Love and Happiness in the Fall
For two weeks in October since 2009, I’ve documented the annual festival of new musicals for NAMT. When this year rolled around, the added dimension of the fest’s 30th Anniversary Gala - #NAMTFEST30 - brought the realization that I’ve been the official photographer for a full one-third of all of them. A bit daunting of a thought that’s been, and it proved motivation to take stock.
For some background, each year the National Alliance for Musical Theatre receives about approximately 250 submissions for eight slots in its fest. The selected pieces get about 10 days of rehearsal with restrictions on the lengths of each, the amount of props that can be used (none), costuming (none) and length of the performances (50 minutes each)
During my tenure as the NAMT photographer, I’ve worked with three different and wonderful festival directors -- Kathy Evans, Branden Huldeen and Ciera Iveson -- all of whom were present. While each has brought their own individual stamp, the good news is that there is great focus on maintaining consistency and continuity. Every year builds and fosters the sense of tradition, and, as such, there is a very tight formula the festival dances to. For me, after ten years, the familiarity I’ve gained with the parameters makes the job much easier and that much more enjoyable. Agreed, as Chaucer said, familiarity can breed contempt, but, “Ladies and Gentlemen!” such is not the case with this Festival. Each year gathers its own infinitely surprising crop of 8 new musicals that never fail to entertain. Indeed, many go onto great success. For example, in 2013, I photographed an unknown couple from Canada, Irene Sankoff and David Hein, who had entered their effort about a silver-lined side story of the tragic 911 events. It was entitled COME FROM AWAY. Today, that entry is a Broadway smash and Sankoff & Hein were back at NAMT to perform at the Gala.
Documenting the fest means that so many ‘familiar’ faces become friends from around the globe. They arrive every year either to participate or simply to enjoy. There are people like the incredible songwriting team of George Stiles and Anthony Drew from London who have had three shows at the Festival over the years, and who, as they are in NY rehearsing their own upcoming Broadway show, dropped in to perform at this year’s Gala VIP reception -- and somehow in the midst of all their activity they found time to mentor a team new to the festival. Rhys Jennings and Darren Clark also of the UK brought their fun, raucous and sexy yet thought-provoking THE WICKER HUSBAND ( @WickerMusical )-- a blend of English folk music and storytelling in service to a serious consideration of ‘the other.’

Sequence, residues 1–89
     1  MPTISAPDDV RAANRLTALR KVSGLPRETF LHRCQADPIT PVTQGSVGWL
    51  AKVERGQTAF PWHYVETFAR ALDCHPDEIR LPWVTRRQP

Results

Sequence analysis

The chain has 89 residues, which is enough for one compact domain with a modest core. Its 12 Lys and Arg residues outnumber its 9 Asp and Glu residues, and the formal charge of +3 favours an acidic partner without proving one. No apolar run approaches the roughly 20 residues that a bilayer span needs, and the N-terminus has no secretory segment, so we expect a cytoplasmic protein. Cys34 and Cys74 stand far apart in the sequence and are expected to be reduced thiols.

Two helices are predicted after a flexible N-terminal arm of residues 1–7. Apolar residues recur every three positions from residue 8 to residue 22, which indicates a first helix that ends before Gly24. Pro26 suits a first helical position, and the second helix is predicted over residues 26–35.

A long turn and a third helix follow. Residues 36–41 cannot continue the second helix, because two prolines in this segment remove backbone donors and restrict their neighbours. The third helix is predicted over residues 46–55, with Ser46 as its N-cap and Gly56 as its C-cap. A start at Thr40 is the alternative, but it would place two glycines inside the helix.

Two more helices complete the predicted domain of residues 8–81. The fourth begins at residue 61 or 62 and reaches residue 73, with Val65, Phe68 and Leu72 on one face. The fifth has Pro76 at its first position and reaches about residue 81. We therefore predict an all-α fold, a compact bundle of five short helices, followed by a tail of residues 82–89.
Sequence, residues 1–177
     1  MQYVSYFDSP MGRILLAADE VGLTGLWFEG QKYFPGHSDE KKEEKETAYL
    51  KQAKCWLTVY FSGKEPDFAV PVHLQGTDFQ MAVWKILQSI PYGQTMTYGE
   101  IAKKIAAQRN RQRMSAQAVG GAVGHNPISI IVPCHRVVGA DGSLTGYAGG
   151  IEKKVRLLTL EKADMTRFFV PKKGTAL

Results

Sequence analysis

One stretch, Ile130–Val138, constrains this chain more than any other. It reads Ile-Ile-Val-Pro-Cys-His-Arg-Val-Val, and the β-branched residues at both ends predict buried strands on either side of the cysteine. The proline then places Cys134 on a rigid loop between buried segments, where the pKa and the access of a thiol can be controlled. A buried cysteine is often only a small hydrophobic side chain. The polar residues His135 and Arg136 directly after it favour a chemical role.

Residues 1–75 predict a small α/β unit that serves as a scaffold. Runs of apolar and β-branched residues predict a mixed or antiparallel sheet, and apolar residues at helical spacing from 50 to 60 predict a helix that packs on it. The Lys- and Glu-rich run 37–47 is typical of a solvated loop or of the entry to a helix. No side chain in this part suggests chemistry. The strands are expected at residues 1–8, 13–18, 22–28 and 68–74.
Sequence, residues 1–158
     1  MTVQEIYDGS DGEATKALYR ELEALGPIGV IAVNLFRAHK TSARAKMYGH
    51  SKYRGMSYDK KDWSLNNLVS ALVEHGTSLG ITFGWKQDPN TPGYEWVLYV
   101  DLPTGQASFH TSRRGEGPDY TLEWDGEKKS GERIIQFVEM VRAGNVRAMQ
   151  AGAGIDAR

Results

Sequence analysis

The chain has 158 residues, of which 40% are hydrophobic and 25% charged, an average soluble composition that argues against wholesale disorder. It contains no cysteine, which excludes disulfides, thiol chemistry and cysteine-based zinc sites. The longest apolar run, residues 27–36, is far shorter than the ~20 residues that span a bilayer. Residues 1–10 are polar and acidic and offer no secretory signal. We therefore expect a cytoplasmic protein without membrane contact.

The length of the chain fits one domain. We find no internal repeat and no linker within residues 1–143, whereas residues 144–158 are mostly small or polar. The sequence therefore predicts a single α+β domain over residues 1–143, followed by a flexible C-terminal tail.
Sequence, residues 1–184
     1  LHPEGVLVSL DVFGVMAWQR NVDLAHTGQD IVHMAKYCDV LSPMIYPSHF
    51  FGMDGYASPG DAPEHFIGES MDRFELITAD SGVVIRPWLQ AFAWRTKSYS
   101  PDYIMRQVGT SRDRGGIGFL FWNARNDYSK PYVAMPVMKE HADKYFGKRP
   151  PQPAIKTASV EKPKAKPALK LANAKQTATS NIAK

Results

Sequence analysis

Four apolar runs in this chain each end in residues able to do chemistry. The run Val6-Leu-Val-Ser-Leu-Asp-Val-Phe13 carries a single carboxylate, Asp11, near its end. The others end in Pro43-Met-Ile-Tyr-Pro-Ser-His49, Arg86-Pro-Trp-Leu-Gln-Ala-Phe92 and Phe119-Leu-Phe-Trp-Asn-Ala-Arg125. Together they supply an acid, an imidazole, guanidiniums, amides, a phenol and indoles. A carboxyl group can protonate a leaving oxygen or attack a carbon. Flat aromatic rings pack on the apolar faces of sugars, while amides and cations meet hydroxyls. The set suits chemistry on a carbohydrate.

Additionally, even as I dash from rehearsal-to-rehearsal and show-to-show, the phenomenal energy of all the effort around me keeps me going without a thought. The shows always incorporate top theatrical talent in support of either novice or accomplished creative talents with an incredible amount of hard work, discipline and dedication. One extra key reason for looking forward to the Fest each year is that there is a tremendous abundance of love and happiness that resonates through the entire two weeks of rehearsals & performances.
While many shows are dedicated to the application of high craft for the sheer joy of entertainment, the Festival is devoted to a tradition of diversity, inclusion, open-mindedness, and the exploration of the full gamut of societal issues, not to mention inventiveness and imagination. Therefore, at least 50% of the shows work on a serious and challenging level both thematically and musically.
As a for instance, XY is a musical by Oliver Houser developed with Hunter Bird concerning the challenges and stigmatization faced by someone born with sexual anatomy that does not fit ‘normal’ gender definitions. What is discovered is still something that relates to timeless universal themes of dealing with our pasts no matter who we are thus stressing the sometimes forgotten fact: we are all human. The play was developed with the participation of InterACT, an advocacy group for intersex children, members of which were present and who I had the pleasure of meeting.
Regardless, whether participating or watching, everyone lifts the entire effort and all involved off the ground providing a unique spirit.
My tenth year, therefore, was elevated yet higher. Many thanx to all of the composers, writers, directors, actors and musicians, stage managers, tech crew members for the incredible and inspiring work; and thanx to New World Stages for the great facility within which to work. One key point: words cannot say enough for the great NAMT team. It’s always awesome to work with you.
For one last bit of perspective -- if I seem to be exaggerating the positive benefits of this event, let me just point out that during the ten days of my involvement this year, all festival participants walked by or were only a block away from the post office in Manhattan where it was revealed in the news one of the many pipe bombs sent by a Trump supporter was discovered; and I ended one day heading home to check the list of victims of the shooting at the Tree of Life Synagogue in Pittsburgh to see if there would be anyone I knew having a past connection with the community of Squirrel Hill. These are terrible and dark times for our country and it’s efforts like those at the NAMT Fest that provide a much-needed counterbalance of peace, love and happiness.